"What are my options?" I asked, curious.
She said that if I chose to recycle my device, she could give me 10 percent off a new iPod Touch. I didn't need the Calculator app to know that amounted to $30 of the 32GB version, which would basically cancel out the sales tax, plus a few bucks.
"And I can do that at any time?" I asked.
I could, she said, though the discount program only applied to iPods.
"Well, I already have a new iPod Touch. I don't need another one right now. I just wanted to get this disabled one fixed."
After voicing my displeasure another couple times, I congratulated her on being a well-trained employee. Then I walked out of the store and went to work.
At home with the home button
Later that day when I got home, I pulled the iPod out of my bag and set it on my desk. I couldn't help but click on the home button. Once again, the device went on fine, displaying the same disabled message. It hadn't magically disappeared.
I didn't know what to do with the thing. I'd never "bricked" an Apple device. For a second I imagined creating a sort of time capsule for my grandchildren. I'd stick the Touch in a box with a charger and a note that said "Open in 2056," code included.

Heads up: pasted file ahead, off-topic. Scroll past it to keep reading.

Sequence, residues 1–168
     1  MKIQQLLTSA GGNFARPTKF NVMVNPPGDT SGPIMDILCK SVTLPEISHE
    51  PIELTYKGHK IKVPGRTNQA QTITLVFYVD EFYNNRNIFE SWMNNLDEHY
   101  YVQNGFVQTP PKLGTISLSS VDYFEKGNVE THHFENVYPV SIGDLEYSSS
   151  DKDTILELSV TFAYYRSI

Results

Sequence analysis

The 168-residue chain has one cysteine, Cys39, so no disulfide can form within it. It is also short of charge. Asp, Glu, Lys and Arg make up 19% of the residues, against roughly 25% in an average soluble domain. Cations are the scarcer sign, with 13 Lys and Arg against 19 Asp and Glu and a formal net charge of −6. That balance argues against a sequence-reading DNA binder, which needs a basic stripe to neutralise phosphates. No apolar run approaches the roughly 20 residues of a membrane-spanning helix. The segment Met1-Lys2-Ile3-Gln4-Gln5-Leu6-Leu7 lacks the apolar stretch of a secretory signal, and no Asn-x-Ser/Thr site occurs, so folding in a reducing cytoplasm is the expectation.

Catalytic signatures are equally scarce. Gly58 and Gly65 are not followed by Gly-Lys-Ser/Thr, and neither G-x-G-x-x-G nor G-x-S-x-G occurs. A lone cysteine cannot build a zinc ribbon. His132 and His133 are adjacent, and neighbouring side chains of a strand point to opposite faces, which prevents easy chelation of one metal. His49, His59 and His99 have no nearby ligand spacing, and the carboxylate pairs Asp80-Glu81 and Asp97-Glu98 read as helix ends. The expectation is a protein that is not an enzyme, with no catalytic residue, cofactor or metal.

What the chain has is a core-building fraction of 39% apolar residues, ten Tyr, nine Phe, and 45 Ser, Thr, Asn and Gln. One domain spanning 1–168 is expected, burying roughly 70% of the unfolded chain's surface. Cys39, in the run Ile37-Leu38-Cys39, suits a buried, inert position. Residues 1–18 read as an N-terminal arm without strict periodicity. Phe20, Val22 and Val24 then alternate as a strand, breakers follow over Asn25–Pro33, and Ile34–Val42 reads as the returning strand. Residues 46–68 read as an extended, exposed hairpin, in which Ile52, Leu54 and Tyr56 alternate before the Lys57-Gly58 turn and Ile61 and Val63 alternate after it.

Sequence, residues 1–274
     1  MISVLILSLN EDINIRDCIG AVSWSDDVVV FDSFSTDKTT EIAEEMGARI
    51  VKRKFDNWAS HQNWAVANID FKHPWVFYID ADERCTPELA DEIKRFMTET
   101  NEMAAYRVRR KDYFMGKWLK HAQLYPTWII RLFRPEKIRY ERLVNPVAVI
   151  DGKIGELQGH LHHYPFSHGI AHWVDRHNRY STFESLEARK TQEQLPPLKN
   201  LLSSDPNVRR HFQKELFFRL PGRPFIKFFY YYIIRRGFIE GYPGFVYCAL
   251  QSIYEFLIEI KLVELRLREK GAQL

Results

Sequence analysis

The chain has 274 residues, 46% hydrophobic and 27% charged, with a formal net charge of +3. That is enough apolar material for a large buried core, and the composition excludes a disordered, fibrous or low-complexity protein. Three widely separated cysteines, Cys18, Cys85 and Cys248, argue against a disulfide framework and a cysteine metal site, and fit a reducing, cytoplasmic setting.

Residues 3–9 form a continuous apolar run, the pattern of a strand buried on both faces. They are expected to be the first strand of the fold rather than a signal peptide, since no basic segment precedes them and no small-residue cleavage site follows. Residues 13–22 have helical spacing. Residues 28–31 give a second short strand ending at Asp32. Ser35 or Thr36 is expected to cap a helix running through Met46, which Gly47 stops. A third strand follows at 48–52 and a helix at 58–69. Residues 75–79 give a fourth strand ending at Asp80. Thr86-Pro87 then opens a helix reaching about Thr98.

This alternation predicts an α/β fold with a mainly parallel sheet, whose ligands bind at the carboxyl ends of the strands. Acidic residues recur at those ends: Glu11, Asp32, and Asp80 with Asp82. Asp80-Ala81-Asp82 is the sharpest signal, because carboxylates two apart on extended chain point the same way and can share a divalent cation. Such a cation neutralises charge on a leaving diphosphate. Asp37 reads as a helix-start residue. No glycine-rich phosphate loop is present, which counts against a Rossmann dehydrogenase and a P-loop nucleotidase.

But that would be silly. Soon I found myself plugging a 30-pin connector into the iPod Touch and reviewing the instructions online for how to get the device into DFU mode. I tried three or four times, holding the buttons down as hard I could, the power button literally digging into the bone of my index finger. I was about to give up when I heard an unfamiliar chime and looked up at my computer to see a message that had me looking for someone to chest bump.
"iTunes has detected an iPod in recovery mode. You must restore this iPod before it can be used with iTunes."
Twenty minutes or so later I was looking at a completely restored iPod Touch third-generation updated with the latest version of iOS 5. I logged onto my home network and installed a few apps that I'd already bought. The device was working better than it ever had.
I guess I didn't have to go to the Genius Bar after all.